Big Finishing Move: 'Doctor Who: Afterlife' | One of Us

Big Finishing Move: ‘Doctor Who: Afterlife’

0 Submitted by on Thu, 17 July 2014, 07:25

Even sickness can’t stop Big Finishing Move for long! That’s right folks, through the power of antibiotics and my strong desire to review Doctor Who audio dramas, I’m back once again to let you know what is what in the world of Big Finish. Today on the docket, we find The Doctor, Ace, and Hex (sort of) dealing with the tragedy and loss in Afterlife. 

Before we begin, there is something I’ve been meaning to do for a while now but it kept slipping my mind, and given the subject matter of this story does seem appropriate. In May of this year, Big Finish lost one of its best and brightest, Mr. Paul Spragg. His dedication behind the scenes over the last five years or so helped make some of the best work Big Finish has ever done happen. Every Big Finish fan owes Mr. Spragg a debt and I respectfully dedicate this review to him.

TARDIS Team: Seventh Doctor, Ace, Hex, and introducing Hector Thomas

Our story picks up almost directly after the end of Gods and Monsters (a story we’ll be getting to, I assure you). The Doctor had made a rather elaborate play at one of his most powerful and dangerous foes, and it pretty much blew up in his face. Oh yeah, and – mild spoiler here – Hex… he, uh… kinda… sorta… died.

Ace is handling this about as well as one would expect, which is to say poorly. Her rage is fueled not only by the loss of her best friend in the universe, but by the role the Doctor played in it and his seemingly obliviousness and callousness towards the whole situation. The Doctor wants to drive forward and get back to work. Unlike many of his other incarnations, the Seventh Doctor isn’t known for long periods of melancholy and mourning. He pushes through things, he keeps going, that’s his way. Ace isn’t having any of it. It isn’t good enough or acceptable this time. She demands that the Doctor go visit Hex’s only known living relative, his grandmother, and take responsibility for his actions.

The Doctor and Ace head to Liverpool, where the former goes visit Hex’s grandma and take her to a vigil he has set up for Hex. Ace sees a chance to get away from the Doctor for a bit and clear her head when she comes across a woman in need. Saving the woman from some thugs, Ace is taken to her home to meet her family when the thugs attack again along with their boss, Hector Thomas, a man that looks exactly like Hex. Who is Hector Thomas  and just what is going on? You’ll just have to pick up the story to find out!

If there is any weak point to this story, it is that the villains are kind of bullshit. This is by design, as you couldn’t have the real big bads show up or develop these new foes very much because then you would have to take time away from all the interesting stuff going on with our main cast. They do their part well, I just wish they didn’t feel so uninteresting.

While every actor in here does an exemplary job, special attention must be paid to the main cast.  Sophie Aldred has to bounce through so many emotional states throughout the piece and not a one of them rings false for even a fraction of a second. Philip Olivier does a masterful job making Hector Thomas  his own person instead of just a Hex clone.  Finally,  Sylvester McCoy has a chance to explore sides of his Doctor rarely seen or heard. He has to play the Doctor as small, lost, and hurt throughout most of the story only to let loose with a darkened pitiless rage as he delivers a “tell your boss I’m coming for ’em, and hell’s riding with me” speech to the bad guys as he dispatches them that literally gave me a bit of a chill.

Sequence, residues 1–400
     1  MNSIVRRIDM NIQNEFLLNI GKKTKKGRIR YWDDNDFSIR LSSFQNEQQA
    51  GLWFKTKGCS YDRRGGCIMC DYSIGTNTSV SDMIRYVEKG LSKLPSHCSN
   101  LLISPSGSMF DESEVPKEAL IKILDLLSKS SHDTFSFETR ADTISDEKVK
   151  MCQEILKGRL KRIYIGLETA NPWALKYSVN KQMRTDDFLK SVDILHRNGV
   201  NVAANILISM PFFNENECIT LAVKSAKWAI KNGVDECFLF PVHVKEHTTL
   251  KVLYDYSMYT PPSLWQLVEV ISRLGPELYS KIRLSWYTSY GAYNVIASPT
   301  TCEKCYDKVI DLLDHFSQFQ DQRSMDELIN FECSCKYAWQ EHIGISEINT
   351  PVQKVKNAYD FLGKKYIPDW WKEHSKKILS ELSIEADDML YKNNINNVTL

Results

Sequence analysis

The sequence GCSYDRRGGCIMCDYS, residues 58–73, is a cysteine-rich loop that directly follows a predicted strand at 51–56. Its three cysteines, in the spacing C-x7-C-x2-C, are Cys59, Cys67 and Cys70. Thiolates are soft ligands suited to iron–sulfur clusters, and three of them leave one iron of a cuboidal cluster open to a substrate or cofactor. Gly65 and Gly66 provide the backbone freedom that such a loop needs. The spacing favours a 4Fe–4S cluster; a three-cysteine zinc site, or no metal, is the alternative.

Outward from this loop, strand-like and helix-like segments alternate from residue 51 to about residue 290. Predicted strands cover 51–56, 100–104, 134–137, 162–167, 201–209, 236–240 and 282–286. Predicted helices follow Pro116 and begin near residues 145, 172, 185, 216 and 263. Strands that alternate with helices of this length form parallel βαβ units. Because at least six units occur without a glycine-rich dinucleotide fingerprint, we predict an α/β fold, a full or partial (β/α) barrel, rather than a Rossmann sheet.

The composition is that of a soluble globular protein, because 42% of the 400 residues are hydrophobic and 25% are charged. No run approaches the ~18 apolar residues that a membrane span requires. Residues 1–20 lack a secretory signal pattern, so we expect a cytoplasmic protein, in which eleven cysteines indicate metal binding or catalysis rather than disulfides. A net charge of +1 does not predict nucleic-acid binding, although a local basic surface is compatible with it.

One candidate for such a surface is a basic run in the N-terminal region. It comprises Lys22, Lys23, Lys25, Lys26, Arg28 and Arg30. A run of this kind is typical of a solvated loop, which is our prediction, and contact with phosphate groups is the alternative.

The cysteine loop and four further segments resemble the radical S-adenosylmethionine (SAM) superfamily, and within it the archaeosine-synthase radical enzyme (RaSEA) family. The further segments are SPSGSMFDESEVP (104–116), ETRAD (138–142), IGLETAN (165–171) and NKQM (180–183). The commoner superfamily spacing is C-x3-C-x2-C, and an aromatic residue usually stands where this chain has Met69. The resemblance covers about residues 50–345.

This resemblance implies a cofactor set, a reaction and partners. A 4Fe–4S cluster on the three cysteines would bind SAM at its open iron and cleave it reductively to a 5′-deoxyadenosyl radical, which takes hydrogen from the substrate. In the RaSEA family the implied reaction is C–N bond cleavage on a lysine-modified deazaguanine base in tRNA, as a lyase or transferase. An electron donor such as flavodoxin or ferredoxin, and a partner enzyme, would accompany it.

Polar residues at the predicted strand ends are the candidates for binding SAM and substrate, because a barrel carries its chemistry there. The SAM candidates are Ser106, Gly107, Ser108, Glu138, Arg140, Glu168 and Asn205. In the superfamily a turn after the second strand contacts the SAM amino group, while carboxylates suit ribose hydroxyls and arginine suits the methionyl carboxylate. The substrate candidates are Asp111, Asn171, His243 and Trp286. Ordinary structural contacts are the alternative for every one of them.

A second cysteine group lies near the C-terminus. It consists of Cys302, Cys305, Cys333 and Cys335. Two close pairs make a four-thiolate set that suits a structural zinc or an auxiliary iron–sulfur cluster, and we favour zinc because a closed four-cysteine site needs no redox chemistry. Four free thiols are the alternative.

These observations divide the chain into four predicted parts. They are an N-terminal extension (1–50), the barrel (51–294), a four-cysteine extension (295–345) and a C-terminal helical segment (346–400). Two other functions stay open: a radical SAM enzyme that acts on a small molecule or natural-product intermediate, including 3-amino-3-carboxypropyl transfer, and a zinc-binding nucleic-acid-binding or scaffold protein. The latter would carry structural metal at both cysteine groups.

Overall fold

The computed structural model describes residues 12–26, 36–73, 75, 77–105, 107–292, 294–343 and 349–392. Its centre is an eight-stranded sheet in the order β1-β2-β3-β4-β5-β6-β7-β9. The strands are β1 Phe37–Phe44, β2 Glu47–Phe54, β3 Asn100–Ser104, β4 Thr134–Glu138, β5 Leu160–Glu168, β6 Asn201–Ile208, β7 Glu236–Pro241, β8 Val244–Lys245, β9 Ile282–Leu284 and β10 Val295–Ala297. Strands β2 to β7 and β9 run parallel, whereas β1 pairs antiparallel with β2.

I adore this story. I give everybody from writer Matt Fitton, director Ken Bentley, and the entire cast, both supporting as well as our leads, a standing ovation. Expertly written, paced, produced and performed. While the story is full of little bits for long time fans, it is totally accessible for new listeners as well and serves as a great jumping on point as a new trio of stories starring the Doctor, Ace, and Hector Thomas is set to come out starting next month. This story has me so jazzed to see what happens next that we will be covering those stories as they are released. Go pick this one up people, you’ll be glad you did.

Purchase Doctor Who: Afterlife Here:

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Remember good readers, we here at One of Us have our own audio drama series Infinite Variations, which rules. In addition to this show, One of Us is now home to Jason Neulander’s spin-off series from The Intergalactic Nemesis entitled Salt. All this goodness for your ear holes, what is not to love?!

As for me, I’ll back later this month with:

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Until then, happy listening!

Check out my previous reviews:

Phantasmagoria

The Fearmonger

The Light At The End

The Spectre of Lanyon Moor

Storm Warning

Blood of the Daleks

The Chimes of Midnight

Seasons of Fear

The King of Sontar

White Ghosts

Dark Eyes II

The Crooked Man

Project: Twilight

The Evil One

The Harvest

The Last Of The Colophon

The Council Of Nicaea

Destroy The Infinite

Empty Space
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Written by

Nine months before John was born his parents had sex. Born and raised in the cultural bubble that is the far Upper-Midwest, geek culture was John’s outlet to the outside world. John’s love of imagination and storytelling led him to passionately embrace the worlds of comics, TV, and film. It is a source of constant joy in John’s life that he wakes up every day with new avenues of geekdom to explore. In his brief stint on the planet, John has been everything from a dishwasher to a soldier serving a single tour in Iraq. John graduated from the University of North Dakota with a BA in English and currently resides in Grand Forks, ND, where he does stuff (and also things).